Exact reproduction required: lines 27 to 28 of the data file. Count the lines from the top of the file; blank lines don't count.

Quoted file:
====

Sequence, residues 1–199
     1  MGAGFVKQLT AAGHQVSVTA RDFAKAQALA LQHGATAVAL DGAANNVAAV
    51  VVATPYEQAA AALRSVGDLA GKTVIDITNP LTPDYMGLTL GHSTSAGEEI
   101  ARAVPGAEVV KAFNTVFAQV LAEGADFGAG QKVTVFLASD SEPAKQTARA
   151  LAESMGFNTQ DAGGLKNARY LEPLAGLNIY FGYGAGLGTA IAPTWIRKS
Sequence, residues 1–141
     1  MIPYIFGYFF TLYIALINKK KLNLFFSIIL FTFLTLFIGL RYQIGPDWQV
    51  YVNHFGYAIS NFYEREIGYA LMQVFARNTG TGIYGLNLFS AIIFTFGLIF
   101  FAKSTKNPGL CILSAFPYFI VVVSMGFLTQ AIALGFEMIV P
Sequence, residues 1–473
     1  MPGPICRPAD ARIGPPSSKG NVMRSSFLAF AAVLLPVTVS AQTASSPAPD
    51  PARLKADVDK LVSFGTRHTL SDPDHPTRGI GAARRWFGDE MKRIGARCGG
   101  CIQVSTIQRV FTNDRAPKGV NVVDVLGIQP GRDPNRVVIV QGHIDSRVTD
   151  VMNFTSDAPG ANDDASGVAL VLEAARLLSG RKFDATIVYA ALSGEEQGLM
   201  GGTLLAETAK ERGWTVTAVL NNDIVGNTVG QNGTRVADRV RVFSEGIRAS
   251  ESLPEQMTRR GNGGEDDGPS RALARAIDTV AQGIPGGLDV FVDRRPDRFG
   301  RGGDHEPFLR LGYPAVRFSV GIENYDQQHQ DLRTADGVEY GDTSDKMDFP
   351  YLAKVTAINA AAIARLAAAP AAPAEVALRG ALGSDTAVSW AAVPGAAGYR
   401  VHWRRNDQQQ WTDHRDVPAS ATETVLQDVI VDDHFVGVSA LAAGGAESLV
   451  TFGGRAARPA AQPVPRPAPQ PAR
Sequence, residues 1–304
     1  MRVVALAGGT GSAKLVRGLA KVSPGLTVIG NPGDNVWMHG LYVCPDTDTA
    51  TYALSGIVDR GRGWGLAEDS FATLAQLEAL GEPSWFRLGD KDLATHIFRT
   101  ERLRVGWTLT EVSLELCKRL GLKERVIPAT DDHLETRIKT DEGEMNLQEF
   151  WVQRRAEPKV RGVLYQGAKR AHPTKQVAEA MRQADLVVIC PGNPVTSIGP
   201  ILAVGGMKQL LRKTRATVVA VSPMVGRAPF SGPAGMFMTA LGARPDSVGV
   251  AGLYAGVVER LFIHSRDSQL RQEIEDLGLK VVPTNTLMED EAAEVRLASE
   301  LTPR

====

   251  AGLYAGVVER LFIHSRDSQL RQEIEDLGLK VVPTNTLMED EAAEVRLASE
   301  LTPR